University of Iowa Health Science Relations and
Hansjoerg Kolder MD, PhD
Professor Emeritus of Ophthalmology & Visual Science
First Published: 2000
Last Revised: February 2004
Peer Review Status: Internally Peer Reviewed
Millions of Americans spend the bulk of their workday staring at a
computer screen, and many wonder if that activity is harmful to their
eyes. Not if you take precautions, says Dr. Hansjoerg Kolder,
professor emeritus of ophthalmology at the University of Iowa College
of Medicine and staff physician at UI Hospitals and Clinics. Kolder
is a specialist in the eye's sensory physiology and often sees
patients who complain of eye strain that may be computer-related.
One of the most common complaints is eye fatigue, Kolder says. A
simple way to prevent that fatigue is to close your eyes for 20 to 30
seconds every 10 to 15 minutes. You can also cut down on eye strain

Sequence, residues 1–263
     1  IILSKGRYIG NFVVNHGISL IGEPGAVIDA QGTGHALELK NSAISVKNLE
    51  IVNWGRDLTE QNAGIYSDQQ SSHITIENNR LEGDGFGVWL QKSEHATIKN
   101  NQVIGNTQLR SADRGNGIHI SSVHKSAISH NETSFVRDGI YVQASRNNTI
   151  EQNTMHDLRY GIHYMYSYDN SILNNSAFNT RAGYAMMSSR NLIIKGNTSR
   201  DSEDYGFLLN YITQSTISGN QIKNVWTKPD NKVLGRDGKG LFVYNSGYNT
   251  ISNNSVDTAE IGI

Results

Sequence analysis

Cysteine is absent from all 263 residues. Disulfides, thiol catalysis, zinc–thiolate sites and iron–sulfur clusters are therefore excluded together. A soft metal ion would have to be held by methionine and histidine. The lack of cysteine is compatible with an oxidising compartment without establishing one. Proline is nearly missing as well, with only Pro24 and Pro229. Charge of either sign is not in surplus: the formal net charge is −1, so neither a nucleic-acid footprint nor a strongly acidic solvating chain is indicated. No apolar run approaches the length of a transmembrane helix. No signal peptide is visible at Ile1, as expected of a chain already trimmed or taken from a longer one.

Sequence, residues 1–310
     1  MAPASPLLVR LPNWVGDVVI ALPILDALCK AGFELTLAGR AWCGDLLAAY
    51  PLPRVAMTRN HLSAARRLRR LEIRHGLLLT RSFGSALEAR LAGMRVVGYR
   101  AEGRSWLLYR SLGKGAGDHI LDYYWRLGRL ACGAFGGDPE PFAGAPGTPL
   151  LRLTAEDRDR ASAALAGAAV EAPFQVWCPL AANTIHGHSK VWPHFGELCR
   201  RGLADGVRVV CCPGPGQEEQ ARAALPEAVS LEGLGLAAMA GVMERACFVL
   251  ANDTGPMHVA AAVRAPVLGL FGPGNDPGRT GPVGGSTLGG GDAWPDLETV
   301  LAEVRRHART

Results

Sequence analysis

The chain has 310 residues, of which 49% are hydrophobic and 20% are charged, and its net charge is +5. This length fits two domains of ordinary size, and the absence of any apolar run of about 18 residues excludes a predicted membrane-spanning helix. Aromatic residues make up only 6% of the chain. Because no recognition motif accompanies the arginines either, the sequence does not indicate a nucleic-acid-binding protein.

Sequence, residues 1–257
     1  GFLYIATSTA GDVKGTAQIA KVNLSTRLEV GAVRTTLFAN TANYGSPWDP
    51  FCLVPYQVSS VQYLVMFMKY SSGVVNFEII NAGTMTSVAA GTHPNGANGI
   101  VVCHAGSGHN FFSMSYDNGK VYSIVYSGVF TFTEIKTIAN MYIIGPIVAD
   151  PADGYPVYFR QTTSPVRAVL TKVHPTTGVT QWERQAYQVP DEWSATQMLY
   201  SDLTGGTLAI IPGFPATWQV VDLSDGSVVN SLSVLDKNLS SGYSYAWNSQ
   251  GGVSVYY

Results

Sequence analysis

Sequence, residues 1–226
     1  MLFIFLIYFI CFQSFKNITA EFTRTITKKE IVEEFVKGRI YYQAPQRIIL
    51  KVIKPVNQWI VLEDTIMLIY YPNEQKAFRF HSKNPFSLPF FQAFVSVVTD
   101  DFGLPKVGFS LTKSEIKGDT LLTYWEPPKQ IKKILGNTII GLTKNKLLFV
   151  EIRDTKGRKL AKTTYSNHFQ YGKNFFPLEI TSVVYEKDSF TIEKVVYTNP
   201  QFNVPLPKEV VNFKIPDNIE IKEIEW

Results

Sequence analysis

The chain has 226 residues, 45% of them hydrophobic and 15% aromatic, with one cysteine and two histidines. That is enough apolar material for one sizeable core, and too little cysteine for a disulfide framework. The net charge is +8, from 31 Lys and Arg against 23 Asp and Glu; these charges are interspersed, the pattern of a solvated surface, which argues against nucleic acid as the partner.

by attaching an anti-glare screen to older monitors.
Computer users do not have to worry about significant
electromagnetic radiation being emitted from their screens unless
their computer screen is faulty or more than 20 years old. Nor should
users fear cataracts. "There is not enough evidence to substantiate
the presumption that computers cause cataracts," Kolder says.
Trouble seeing the computer can trigger pains in other areas, such
as the neck. People with bifocal glasses are especially prone to neck
aches because they may have to tilt their heads back to see things up
close. Working glasses are available to alleviate that problem,
Kolder says. These are like reading glasses but the prescription is
for the preferred distance from the computer screen to the eyes.
Another way to avoid neck strain is to make sure your eyes are level
with or slightly above the computer screen. You can also prevent
postural problems and other aches by centering your keyboard under
your computer screen, he adds.